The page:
7 thoughts on “My Weekly Spock -Autumn in Paris

  1. Yum:-). In reply to Corylea, I actually see them as two separate people! I can never compare Spock, an independent entity for me, with any of the other characters he’s played. I expect that makes me rather sad, but I do look on Spock as an entirely separate and independent being. It’s probably all the fan fic! Including the eyeshadow. Quite separately I adore Paris, and I specially adore Tom Kovack

    • Oh, no, I agree! I see Spock as separate — as a real person, not truly related to Mr. Nimoy — too. I didn’t say that here because it sounded too much like I was ready for the funny farm. Thanks for having more guts than I have. 😀

      • This is, to borrow a phrase…Fascinating!
        It’s funny, I’ve also seen separate people in Nimoy and Spock, although I see Spock as purely fictional (and a damn fine creation).
        Now if only Vulcans really existed.
        Of course, Nimoy made Spock his own (creating the Vulcan greeting, the nerve pinch, etc, but then other Spock characteristics, like say The Eyebrow, are pure Nimoy and even though Mr. Quinto does a very nice job as Spock, there are certain little smirks and quirks that I’d always identify with Nimoy as Spock. He really gave the character life, and we love him for it!

  2. Yes, of course I know that Spock is a fictional character. As I said, I hesitated to mention this for fear it would sound crazy. 😀 INTELLECTUALLY, I know that Spock is a fictional character. And I know that much of what we love about Spock is what Mr. Nimoy put into him, and I admire Mr. Nimoy’s skill and talent greatly. But EMOTIONALLY, Spock is real to me.

    And that’s the magic of fiction, isn’t it? That for the time that we’re reading that novel or watching that movie, those people are real to us. Humans’ mirror neurons enable us to experience other people’s emotions and situations AS IF they were ours, and it is this that makes civilization possible. So, it’s a good thing.

    Take any well-known fictional character — the ones who are iconic or who’ve lasted for a long time or who’ve outlasted bad movie versions — and a lot of people will feel that this character has an existence outside of his or her current portrayal. Take Sherlock Holmes, for example. His own creator tried to kill him off, because he was tired of writing him, and IT DIDN’T TAKE. The reading public had taken Holmes to their collective bosom, and they insisted he wasn’t dead. Poor Arthur Conan Doyle finally had to start writing him again. 🙂 (I haven’t seen the current TV show about Sherlock Holmes, so taking him as an example is not based on that.) Holmes has been portrayed in movies, spoofed, parodied, brought to the present, deprived of Watson, and tweaked in many different ways, but he’s SO iconic that he lives on in spite of all that’s done to him.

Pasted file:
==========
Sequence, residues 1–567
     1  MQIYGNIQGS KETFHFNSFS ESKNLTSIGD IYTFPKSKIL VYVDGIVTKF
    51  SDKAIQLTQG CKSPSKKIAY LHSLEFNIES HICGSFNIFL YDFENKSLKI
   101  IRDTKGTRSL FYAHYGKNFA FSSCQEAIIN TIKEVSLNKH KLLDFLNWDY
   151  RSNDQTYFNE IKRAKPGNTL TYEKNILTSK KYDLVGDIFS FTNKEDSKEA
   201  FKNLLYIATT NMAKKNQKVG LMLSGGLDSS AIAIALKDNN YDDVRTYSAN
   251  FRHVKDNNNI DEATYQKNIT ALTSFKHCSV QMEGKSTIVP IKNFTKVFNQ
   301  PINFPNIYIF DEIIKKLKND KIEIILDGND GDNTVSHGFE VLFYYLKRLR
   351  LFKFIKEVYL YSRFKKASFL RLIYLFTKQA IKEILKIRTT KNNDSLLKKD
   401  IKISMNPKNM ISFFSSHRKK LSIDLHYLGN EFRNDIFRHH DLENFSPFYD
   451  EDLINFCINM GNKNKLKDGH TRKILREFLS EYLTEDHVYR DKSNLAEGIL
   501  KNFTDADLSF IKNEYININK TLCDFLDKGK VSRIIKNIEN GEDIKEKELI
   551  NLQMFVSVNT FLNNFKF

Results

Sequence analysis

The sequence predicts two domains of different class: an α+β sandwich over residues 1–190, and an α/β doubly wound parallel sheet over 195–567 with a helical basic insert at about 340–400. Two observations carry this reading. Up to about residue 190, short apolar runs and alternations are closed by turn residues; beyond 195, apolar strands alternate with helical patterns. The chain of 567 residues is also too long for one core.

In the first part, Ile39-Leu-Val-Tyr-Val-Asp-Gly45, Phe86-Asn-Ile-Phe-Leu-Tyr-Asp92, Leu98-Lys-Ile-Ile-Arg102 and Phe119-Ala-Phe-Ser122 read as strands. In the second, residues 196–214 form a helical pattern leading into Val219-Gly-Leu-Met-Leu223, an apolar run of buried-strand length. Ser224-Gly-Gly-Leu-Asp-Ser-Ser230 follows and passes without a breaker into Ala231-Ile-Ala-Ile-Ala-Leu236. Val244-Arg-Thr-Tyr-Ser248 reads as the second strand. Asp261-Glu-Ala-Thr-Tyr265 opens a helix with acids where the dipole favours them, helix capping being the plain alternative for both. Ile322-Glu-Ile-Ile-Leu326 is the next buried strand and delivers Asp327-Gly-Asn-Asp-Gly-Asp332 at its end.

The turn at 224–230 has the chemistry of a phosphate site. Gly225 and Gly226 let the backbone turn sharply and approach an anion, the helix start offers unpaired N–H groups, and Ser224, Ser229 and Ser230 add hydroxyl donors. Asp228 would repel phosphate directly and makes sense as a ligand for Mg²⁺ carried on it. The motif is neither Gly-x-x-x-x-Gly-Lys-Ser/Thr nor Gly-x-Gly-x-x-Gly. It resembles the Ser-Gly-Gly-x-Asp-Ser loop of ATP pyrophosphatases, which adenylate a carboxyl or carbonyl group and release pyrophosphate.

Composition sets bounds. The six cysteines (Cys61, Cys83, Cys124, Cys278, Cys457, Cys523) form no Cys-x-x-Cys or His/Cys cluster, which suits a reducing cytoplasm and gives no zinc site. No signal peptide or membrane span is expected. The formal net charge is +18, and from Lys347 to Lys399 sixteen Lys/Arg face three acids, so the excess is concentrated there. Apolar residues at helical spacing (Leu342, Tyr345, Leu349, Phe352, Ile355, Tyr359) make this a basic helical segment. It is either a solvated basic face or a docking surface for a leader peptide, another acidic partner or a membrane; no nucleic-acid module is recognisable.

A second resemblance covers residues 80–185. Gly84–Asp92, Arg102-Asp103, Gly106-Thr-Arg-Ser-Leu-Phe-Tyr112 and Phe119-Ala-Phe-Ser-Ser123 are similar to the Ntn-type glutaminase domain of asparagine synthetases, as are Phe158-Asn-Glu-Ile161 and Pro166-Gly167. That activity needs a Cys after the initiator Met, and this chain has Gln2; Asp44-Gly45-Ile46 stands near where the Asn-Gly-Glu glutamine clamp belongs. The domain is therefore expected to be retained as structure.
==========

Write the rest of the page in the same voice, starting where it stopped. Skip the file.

For me, Spock is the same way. Yes, of course, I know he’s fiction — I’m not actually delusional 😀 — but he lives in my heart, independent of his existence in the head of Mr. Nimoy or Mr. Quinto. Of course, he wouldn’t currently live in my heart without the tremendous contribution of Mr. Nimoy — I have no desire to minimize or demean the amazing contribution of Mr. Nimoy (or the sacrifices he made to bring Spock to life for us) — but after Mr. Nimoy goes on to his reward, Spock will STILL live in my heart.

    Does it make more sense now? 😉

    • Corylea, I couldn’t have put it any better! And you’re not crazy, (you’re just in love! 😉 )
      And you’ve got to see the Benedict Cumberbach version of Sherlock– it’s marvelous! Can’t wait for season 3; I caught up with the first two (very short) seasons on Netflix. Each season consists of only three 90-minute episodes, but they’re worth it!

  3. Pingback: My Weekly Spock: Happy Paris! | TrekkerScrapbook

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